Want to Understand Your Characters Better?
Have them take a personality test!
When you’re writing a character, you’re essentially creating a person out of thin air. A person based on others, perhaps, but you are responsible for everything that character is or will become either consciously or unconsciously.
There are a ridiculous amount of layers within people, and these layers are developed as a result of experiences, genetics, upbringing, relationships, appearance, and aspirations.
When you’re creating a character, you are responsible for giving him this background which is a daunting task, to say the least. And for each character trait you think through and plan, there are a whole lot more that will never cross your mind but will somehow be manifest in how that character acts and interacts.
HOW DO I GET TO KNOW MY CHARACTERS?
As you’re developing a character, one really interesting way to get to know him is to put him through a personality test.
In doing so, you’ll delve much deeper into his psyche than you could if you just give him blond hair and blue eyes and move on with the novel.
TYPES OF PERSONALITY TESTS:
While I’m sure there are more, the few that I’ve been researching lately are The Big Five, The Personality Type Test (Myers-Briggs), Enneagram, and Human Design.
THE BIG FIVE PERSONALITY TEST
The Big Five Personality Test evaluates personality based on, you guessed it, five different factors:
- Openness: People high in this trait are open to new experiences and are more comfortable with abstract thought whereas people who are low in openness tend to stick to tradition and what they know and prefer to avoid abstract or theoretical concepts in favor of the concrete.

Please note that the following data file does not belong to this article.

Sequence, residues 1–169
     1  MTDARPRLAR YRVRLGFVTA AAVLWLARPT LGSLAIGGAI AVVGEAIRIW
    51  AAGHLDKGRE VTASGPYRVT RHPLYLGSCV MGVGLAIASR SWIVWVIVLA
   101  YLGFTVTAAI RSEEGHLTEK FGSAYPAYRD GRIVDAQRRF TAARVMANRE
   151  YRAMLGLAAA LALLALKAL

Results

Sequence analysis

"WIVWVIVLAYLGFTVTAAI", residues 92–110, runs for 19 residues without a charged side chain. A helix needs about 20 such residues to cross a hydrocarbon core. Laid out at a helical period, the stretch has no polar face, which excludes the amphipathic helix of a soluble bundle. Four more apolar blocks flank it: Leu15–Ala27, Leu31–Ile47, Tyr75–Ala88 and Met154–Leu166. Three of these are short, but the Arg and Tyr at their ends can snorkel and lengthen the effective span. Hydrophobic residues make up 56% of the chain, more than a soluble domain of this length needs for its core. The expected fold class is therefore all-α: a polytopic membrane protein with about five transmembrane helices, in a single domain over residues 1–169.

- Conscientiousness: Those high in conscientiousness are detail and deadline oriented. Organized and aware of their effect on others, they are in contrast to those low in this trait who are more scattered, less concerned about details, dislike schedules, and tend to procrastinate.
- Extraversion: This essentially rates the extent to which a person desires to be social. Those high in this trait are uplifted by social interaction and seek out opportunities to engage with others. Those low in extraversion tend to avoid social situations and will need some quiet time to decompress after being around large groups.
- Agreeableness: People high in agreeableness have a high level of concern for others. They are focused on helping people and are sensitive to the feelings of others. People low in agreeableness lack concern for others and may manipulate them, using them as a tool for their own benefit.
- Neuroticism: This trait measures the degree to which someone experiences stress and worry. Emotional instability is characteristic of those high in neuroticism. Those low in this trait are more emotionally stable, bounce back quickly after stressful situations, and are more relaxed.
If you’ve seen the rash of people on Instagram adding letters to their profiles such as INFP or ENFJ, you’ve already seen the results of a Myers-Briggs personality test. This test, based on the research of early 20th-century psychologist Carl Jung, is used to show that “much seemingly random variation in the behavior is actually quite orderly and consistent, being due to basic differences in the ways individuals prefer to use their perception and judgment” (Source).
The Myers-Briggs test breaks people down as follows:
- Extraversion vs. Introversion: Someone either leans towards socializing and being outgoing or avoiding social situations and preferring to be alone or with a small group of well-known people, whether their focus is on the outer world or their own inner world.